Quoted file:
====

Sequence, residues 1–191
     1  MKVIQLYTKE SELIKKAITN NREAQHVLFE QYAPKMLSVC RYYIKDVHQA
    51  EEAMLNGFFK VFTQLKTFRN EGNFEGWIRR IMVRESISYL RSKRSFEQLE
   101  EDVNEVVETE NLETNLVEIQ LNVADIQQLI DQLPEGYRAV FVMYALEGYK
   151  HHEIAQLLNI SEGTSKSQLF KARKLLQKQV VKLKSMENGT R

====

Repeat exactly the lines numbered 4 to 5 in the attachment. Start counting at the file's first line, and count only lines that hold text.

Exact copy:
   101  EDVNEVVETE NLETNLVEIQ LNVADIQQLI DQLPEGYRAV FVMYALEGYK
   151  HHEIAQLLNI SEGTSKSQLF KARKLLQKQV VKLKSMENGT R